Inorganic or organic compounds derived from phosphine (PH3) by the replacement of H atoms. (From Grant & Hackh's Chemical Dictionary, 5th ed)
The application of smoke, vapor, or gas for the purpose of disinfecting or destroying pests or microorganisms.
Organic compounds that contain GOLD as an integral part of the molecule. Some are used as ANTIRHEUMATIC AGENTS. The term chrysotherapy derives from an ancient Greek term for gold.
A chemical element having an atomic weight of 106.4, atomic number of 46, and the symbol Pd. It is a white, ductile metal resembling platinum, and following it in abundance and importance of applications. It is used in dentistry in the form of gold, silver, and copper alloys.
Acyclic branched or unbranched hydrocarbons having two carbon-carbon double bonds.
Inorganic compounds that contain fluorine as an integral part of the molecule.
A genus of small beetles of the family Tenebrionidae; T. confusum is the "confused flour beetle".
Neutral or negatively charged ligands bonded to metal cations or neutral atoms. The number of ligand atoms to which the metal center is directly bonded is the metal cation's coordination number, and this number is always greater than the regular valence or oxidation number of the metal. A coordination complex can be negative, neutral, or positively charged.
The collective name for the boron hydrides, which are analogous to the alkanes and silanes. Numerous boranes are known. Some have high calorific values and are used in high-energy fuels. (From Grant & Hackh's Chemical Dictionary, 5th ed)
The location of the atoms, groups or ions relative to one another in a molecule, as well as the number, type and location of covalent bonds.
The development by insects of resistance to insecticides.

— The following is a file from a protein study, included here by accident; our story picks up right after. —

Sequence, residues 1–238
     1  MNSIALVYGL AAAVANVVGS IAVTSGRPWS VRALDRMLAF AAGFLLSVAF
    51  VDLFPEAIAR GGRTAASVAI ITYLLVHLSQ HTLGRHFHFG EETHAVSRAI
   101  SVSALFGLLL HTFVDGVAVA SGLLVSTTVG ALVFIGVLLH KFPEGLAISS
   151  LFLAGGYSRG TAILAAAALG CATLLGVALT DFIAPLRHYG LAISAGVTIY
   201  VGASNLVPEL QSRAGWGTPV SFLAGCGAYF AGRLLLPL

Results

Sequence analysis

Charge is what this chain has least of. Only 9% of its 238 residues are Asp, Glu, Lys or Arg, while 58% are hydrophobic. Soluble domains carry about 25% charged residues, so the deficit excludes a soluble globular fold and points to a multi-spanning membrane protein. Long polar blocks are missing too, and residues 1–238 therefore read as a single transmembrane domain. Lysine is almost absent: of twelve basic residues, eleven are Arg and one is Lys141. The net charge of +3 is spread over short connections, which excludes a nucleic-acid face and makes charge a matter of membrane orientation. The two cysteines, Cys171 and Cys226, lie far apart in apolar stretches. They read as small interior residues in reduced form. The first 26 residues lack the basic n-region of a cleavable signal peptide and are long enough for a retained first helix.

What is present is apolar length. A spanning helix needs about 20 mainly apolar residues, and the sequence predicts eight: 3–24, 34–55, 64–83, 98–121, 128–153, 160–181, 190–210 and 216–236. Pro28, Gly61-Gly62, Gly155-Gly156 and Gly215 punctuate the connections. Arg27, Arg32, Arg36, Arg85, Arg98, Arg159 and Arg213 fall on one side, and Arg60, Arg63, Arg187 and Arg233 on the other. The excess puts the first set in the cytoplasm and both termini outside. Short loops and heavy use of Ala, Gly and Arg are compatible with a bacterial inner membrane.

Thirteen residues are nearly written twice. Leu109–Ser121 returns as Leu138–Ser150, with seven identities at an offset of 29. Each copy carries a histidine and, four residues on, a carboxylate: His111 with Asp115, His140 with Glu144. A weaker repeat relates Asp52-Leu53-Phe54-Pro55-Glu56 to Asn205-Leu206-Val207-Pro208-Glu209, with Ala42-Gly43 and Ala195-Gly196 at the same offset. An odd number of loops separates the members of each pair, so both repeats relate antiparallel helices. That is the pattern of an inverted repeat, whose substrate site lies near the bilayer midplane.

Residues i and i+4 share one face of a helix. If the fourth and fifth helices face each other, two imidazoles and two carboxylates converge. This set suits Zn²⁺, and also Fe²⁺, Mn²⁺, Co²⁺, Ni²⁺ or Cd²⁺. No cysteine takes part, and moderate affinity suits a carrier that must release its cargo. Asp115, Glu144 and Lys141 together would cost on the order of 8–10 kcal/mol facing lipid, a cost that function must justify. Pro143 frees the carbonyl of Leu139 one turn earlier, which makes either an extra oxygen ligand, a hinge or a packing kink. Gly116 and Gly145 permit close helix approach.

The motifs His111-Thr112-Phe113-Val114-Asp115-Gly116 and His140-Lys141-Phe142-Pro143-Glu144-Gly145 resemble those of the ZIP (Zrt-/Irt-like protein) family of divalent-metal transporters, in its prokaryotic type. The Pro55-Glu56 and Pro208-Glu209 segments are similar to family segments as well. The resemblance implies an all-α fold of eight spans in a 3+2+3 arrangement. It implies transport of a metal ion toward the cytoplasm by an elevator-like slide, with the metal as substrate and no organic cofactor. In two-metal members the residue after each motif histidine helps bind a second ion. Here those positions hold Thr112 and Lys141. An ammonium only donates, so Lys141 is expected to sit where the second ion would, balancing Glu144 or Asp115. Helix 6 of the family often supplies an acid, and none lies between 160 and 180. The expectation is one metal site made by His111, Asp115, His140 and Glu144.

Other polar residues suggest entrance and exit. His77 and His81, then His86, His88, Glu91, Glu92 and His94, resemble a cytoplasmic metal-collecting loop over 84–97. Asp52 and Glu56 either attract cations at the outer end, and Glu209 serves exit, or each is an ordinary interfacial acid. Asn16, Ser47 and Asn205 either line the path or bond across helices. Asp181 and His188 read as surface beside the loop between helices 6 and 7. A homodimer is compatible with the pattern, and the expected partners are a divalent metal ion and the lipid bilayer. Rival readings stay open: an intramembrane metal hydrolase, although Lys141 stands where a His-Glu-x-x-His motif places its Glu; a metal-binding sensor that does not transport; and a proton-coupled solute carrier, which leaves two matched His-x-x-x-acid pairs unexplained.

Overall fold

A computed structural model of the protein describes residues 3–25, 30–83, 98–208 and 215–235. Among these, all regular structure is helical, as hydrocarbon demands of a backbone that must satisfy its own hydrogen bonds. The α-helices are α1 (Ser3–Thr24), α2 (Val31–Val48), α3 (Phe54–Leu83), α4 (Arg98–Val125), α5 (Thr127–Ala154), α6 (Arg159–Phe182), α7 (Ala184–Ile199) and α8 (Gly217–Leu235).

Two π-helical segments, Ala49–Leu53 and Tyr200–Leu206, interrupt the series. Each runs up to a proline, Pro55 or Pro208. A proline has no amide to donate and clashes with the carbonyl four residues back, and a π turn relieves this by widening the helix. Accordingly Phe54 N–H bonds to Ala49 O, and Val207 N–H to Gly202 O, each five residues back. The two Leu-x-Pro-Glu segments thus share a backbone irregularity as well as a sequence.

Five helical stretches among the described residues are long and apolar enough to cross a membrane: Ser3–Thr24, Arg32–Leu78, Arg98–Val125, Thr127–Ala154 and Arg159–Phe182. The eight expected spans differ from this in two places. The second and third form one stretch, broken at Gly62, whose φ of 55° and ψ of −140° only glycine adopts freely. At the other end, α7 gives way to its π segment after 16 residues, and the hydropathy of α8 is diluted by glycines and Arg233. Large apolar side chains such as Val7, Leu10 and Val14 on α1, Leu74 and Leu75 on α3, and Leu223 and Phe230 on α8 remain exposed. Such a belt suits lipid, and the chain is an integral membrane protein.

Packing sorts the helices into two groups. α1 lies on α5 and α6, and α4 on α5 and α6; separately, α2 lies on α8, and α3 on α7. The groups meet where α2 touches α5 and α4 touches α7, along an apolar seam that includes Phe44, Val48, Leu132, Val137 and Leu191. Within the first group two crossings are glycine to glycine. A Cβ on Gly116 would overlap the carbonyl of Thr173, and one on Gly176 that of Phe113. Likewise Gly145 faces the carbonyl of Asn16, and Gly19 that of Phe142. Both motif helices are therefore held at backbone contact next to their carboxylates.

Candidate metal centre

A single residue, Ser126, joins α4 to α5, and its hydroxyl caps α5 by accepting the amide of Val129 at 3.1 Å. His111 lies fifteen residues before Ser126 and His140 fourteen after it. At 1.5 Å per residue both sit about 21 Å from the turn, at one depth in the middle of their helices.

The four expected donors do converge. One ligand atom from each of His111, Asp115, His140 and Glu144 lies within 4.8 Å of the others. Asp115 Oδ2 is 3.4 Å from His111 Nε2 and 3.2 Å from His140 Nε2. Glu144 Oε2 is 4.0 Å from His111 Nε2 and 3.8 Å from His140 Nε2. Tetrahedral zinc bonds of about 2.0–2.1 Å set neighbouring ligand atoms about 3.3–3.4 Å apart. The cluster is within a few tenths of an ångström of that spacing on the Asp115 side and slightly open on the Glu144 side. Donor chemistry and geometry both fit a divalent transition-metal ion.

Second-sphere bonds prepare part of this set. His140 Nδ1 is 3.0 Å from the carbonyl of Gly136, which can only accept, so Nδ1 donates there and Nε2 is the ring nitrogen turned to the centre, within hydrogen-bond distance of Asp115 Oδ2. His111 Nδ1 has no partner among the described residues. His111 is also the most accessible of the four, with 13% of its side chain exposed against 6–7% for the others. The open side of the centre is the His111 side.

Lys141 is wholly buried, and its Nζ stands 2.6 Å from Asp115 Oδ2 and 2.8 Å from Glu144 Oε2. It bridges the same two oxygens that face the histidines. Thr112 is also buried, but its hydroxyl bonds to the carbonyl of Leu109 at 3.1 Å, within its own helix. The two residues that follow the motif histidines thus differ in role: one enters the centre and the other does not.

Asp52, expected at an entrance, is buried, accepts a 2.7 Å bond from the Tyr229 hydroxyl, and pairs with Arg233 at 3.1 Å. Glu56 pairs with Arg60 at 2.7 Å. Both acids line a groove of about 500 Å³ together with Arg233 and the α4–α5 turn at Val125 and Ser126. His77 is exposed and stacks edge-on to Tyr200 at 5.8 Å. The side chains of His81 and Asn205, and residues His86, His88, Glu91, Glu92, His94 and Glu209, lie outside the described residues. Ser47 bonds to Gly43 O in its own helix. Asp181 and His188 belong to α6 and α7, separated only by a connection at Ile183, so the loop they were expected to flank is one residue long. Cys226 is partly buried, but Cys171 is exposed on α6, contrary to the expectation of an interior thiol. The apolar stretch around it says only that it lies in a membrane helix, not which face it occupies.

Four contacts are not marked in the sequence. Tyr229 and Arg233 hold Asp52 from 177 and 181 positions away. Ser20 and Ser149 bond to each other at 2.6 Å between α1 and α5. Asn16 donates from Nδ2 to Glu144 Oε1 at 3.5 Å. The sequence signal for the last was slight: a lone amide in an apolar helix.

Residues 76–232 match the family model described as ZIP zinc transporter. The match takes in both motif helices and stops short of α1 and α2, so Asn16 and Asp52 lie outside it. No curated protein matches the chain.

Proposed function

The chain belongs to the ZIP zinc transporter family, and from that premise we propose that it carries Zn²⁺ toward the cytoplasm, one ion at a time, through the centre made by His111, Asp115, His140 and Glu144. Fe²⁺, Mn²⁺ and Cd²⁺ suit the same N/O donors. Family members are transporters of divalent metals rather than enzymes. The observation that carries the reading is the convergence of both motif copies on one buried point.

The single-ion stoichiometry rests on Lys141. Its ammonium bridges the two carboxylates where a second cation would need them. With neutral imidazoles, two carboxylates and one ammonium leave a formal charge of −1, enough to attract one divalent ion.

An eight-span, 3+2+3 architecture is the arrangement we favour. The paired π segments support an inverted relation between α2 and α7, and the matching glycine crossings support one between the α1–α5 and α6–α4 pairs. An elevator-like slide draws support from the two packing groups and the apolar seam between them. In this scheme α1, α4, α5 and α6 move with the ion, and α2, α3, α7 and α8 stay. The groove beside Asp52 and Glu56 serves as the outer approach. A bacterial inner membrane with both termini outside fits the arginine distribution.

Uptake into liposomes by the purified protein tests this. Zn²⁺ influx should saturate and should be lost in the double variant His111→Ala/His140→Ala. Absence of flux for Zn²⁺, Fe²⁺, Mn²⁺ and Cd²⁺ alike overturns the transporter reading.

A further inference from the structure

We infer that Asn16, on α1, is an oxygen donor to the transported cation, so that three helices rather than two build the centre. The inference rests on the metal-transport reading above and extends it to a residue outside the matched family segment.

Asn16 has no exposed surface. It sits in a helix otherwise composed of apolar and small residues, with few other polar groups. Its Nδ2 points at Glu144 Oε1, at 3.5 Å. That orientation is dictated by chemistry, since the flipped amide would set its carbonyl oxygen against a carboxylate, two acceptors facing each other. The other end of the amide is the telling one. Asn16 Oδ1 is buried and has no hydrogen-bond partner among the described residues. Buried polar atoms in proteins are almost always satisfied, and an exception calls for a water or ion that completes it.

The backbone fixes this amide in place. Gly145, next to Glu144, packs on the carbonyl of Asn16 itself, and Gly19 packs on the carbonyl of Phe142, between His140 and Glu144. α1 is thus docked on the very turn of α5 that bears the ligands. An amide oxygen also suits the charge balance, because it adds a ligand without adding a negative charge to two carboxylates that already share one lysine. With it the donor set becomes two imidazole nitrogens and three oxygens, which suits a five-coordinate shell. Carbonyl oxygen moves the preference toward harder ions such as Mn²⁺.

Works containing information articles on subjects in every field of knowledge, usually arranged in alphabetical order, or a similar work limited to a special field or subject. (From The ALA Glossary of Library and Information Science, 1983)
A non-metal element that has the atomic symbol P, atomic number 15, and atomic weight 31. It is an essential element that takes part in a broad variety of biochemical reactions.
Diseases of the bony orbit and contents except the eyeball.
A metallic element with the atomic symbol Ir, atomic number 77, and atomic weight 192.22.
Addition of hydrogen to a compound, especially to an unsaturated fat or fatty acid. (From Stedman, 26th ed)
The facilitation of a chemical reaction by material (catalyst) that is not consumed by the reaction.
A family of isomeric, colorless aromatic hydrocarbon liquids, that contain the general formula C6H4(CH3)2. They are produced by the destructive distillation of coal or by the catalytic reforming of petroleum naphthenic fractions. (From McGraw-Hill Dictionary of Scientific and Technical Terms, 5th ed)
Biological molecules that possess catalytic activity. They may occur naturally or be synthetically created. Enzymes are usually proteins, however CATALYTIC RNA and CATALYTIC DNA molecules have also been identified.
A colorless liquid with a sharp burning taste and slight odor. It is used as a local anesthetic and to reduce pain associated with LIDOCAINE injection. Also, it is used in the manufacture of other benzyl compounds, as a pharmaceutic aid, and in perfumery and flavoring.
Sequential operating programs and data which instruct the functioning of a digital computer.
A species in the group RETICULOENDOTHELIOSIS VIRUSES, AVIAN of the genus GAMMARETROVIRUS that causes a chronic neoplastic and a more acute immunosuppressive disease in fowl.
A field of biology concerned with the development of techniques for the collection and manipulation of biological data, and the use of such data to make biological discoveries or predictions. This field encompasses all computational methods and theories for solving biological problems including manipulation of models and datasets.
Databases containing information about PROTEINS such as AMINO ACID SEQUENCE; PROTEIN CONFORMATION; and other properties.
A molecule that binds to another molecule, used especially to refer to a small molecule that binds specifically to a larger molecule, e.g., an antigen binding to an antibody, a hormone or neurotransmitter binding to a receptor, or a substrate or allosteric effector binding to an enzyme. Ligands are also molecules that donate or accept a pair of electrons to form a coordinate covalent bond with the central metal atom of a coordination complex. (From Dorland, 27th ed)